Bird Watching



Bird Watching Around Lake Carmi


Cedar WingHear the lake come alive with spring songbirds

No harbinger of spring is more distinctive than the sound of the birds singing at the lake. Whether it’s the flute-like song of our state bird, the hermit thrush, or the old familiar notes of a robin, the lakes and fields of Vermont become awash with music each spring.

Text Box: Cedar Waxwing abound in the cedars along the shoreFor amateur birders, the best place to start the search for birds is by joining a group bird-watch through their local Audubon chapter. As an aspiring birder, you can observe the wildlife from your own camp shoreline with a good pair of binoculars, using online resources to prep for your trip and to help identify birds by sight and by song.

Moraski LoonListening as a loon call breaks the silence of Lake Carmi

Text Box: The beautiful loonHaunting, eerie and unforgettable, the call of the loon may be the quintessential sound of Lake Carmi. While it’s relatively common now, not too long ago these waters were silent, as loons were on the brink of becoming extinct in the Green Mountains. Fortunately loon populations have started to rebound, but the recovery has been slow due in part to disturbances from wildlife watchers.

Boaters should appreciate loons from a distance when loons are on the nest or swimming with chicks. Even adult loons can abandon feeding when boaters get too close.  A good rule of thumb is if a loon changes its behavior, actively swims away, or rises up and flaps its wings, boaters should move away quickly and quietly.


Male Malard DuckSeeing the multitude of colors on the waterfowl

Text Box: The Mallard drake is often called a "greenhead" due to its distinctive iridescent green head and neck. The hen has a mottled brown body with an orange and black bill. Both the hen and drake have blue wing patches bordered with white bands. Many hens & duckling broods swim along Lake Carmi’s shore.Lake Carmi in the northwestern part of the state is a paradise for birders looking to spot birds of all types – marsh birds, shorebirds, eagles, hawks, owls, woodpeckers, and songbirds all frequent the area. But the ducks and geese truly capture the attention of birders at Lake Carmi.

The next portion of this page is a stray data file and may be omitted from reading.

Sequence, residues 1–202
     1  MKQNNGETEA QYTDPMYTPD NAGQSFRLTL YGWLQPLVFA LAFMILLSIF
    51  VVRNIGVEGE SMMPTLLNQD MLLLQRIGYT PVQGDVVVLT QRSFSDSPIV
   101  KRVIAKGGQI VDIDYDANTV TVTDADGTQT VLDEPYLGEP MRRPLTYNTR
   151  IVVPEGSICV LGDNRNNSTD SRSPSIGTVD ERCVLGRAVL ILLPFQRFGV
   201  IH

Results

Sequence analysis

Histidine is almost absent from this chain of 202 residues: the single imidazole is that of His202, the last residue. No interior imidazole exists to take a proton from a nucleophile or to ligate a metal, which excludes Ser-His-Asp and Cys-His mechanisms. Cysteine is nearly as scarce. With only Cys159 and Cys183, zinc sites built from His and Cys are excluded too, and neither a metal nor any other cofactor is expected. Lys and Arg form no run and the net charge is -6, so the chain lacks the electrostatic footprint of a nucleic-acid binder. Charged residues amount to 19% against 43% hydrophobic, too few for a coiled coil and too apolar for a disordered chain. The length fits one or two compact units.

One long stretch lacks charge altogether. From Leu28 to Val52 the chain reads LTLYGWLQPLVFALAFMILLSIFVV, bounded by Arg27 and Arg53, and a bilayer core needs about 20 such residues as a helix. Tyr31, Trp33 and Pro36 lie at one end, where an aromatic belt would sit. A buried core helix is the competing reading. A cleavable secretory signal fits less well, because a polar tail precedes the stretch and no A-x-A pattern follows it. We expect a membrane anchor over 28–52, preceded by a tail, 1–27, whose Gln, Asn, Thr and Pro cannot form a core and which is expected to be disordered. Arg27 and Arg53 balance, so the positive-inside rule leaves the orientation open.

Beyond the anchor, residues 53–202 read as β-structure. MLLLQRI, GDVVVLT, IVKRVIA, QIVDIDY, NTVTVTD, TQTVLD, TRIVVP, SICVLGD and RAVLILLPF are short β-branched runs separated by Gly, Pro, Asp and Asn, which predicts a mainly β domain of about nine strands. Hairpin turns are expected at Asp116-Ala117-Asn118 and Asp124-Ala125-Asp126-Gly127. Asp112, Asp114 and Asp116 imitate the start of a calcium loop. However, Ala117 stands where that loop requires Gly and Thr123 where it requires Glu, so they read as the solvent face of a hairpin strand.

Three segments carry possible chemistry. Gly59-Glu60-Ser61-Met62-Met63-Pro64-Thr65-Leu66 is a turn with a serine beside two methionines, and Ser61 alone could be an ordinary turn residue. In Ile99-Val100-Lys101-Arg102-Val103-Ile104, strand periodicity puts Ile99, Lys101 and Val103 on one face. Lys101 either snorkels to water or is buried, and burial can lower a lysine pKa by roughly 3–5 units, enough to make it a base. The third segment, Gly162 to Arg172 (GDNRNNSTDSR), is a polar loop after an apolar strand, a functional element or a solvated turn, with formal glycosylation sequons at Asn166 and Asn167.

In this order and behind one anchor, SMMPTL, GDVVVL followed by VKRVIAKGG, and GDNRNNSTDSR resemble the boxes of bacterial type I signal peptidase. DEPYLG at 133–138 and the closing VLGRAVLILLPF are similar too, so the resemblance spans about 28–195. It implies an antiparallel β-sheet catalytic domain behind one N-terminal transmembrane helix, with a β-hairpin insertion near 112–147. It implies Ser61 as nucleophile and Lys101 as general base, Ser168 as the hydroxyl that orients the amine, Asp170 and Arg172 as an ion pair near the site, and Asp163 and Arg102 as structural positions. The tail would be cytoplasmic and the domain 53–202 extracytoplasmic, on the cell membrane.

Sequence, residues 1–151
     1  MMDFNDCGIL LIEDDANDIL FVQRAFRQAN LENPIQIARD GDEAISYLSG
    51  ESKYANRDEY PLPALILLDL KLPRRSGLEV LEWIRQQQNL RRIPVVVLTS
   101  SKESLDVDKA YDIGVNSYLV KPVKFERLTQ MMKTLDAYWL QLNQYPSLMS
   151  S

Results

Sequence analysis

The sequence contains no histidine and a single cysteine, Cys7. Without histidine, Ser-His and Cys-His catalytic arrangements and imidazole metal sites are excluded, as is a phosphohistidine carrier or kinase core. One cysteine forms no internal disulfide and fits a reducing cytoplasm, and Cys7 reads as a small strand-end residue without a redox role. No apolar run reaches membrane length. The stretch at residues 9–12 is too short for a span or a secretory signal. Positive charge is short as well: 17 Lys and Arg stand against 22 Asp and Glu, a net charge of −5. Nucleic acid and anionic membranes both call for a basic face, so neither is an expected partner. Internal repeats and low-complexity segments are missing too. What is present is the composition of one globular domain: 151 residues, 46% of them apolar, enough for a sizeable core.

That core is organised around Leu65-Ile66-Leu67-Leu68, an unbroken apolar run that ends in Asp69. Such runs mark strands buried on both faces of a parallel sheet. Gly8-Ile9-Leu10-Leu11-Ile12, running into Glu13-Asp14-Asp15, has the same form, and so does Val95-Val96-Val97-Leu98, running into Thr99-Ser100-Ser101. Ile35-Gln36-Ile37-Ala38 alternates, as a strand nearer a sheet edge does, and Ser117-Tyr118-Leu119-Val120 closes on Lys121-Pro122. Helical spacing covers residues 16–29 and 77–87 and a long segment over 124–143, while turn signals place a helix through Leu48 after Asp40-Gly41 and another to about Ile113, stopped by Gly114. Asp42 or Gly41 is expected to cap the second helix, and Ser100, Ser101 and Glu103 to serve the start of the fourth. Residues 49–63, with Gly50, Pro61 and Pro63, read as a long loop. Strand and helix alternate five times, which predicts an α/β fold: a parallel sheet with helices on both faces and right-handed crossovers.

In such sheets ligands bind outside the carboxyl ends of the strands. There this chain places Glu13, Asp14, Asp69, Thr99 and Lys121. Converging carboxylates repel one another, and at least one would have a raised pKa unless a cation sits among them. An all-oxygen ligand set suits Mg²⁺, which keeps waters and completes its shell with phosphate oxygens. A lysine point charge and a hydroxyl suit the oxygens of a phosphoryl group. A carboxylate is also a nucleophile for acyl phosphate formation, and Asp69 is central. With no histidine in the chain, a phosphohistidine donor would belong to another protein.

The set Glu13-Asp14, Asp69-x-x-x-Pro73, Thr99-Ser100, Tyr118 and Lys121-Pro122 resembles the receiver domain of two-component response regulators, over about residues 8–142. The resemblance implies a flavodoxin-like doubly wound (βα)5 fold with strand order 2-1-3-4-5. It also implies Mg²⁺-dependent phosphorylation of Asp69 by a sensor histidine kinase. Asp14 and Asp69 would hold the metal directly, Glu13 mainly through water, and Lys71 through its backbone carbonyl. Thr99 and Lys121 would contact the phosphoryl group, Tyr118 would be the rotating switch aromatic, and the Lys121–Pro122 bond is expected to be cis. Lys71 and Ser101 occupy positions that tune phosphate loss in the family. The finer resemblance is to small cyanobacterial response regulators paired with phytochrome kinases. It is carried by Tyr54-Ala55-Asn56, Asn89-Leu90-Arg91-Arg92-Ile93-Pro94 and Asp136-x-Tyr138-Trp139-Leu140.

From the exquisitely colored plumage of the wood duck, to the elusive flashes of color on mallards and teal, to the deep shading of ring-necked ducks and hooded mergansers, Lake Carmi’s waterfowl display spectacular colors.


HeronPaddle nearby in the Missisquoi wetlands

The 6,729-acre Missisquoi National Wildlife Refuge at the mouth of the Missisquoi River on northeastern Lake Champlain is truly a wildlife-viewing treasure.  In fact, the Ramsar Convention on Wetlands recognized the Missisquoi as a wetland of international importance in 2014.

And after a short trip down the Missisquoi, it’s easy to see why the refuge is so special.  Paddlers will likely see a variety of wildlife including herons, wood ducks, red-winged blackbirds, beaver, and otters and may even catch a glimpse of a bugling moose or a rare spiny softshell turtle. The refuge also hosts an incredible diversity of habitats, including bogs and floodplain forests.

The best way to see the refuge is by boat, starting at Louie’s Landing on the Missisquoi River along Route 78. Check in at the refuge visitor center or online for seasonal closures enacted to protect sensitive nesting sites.

For more information:


News & Events 8/30/2018

The Lake Carmi modeling and design report.

Click the image below to download and read the report.

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